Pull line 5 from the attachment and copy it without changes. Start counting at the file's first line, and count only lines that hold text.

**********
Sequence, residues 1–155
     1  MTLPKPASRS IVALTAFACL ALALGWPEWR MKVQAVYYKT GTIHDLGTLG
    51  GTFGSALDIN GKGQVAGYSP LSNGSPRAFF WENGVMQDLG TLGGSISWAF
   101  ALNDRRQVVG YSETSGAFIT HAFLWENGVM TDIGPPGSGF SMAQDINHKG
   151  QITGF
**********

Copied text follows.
   151  QITGF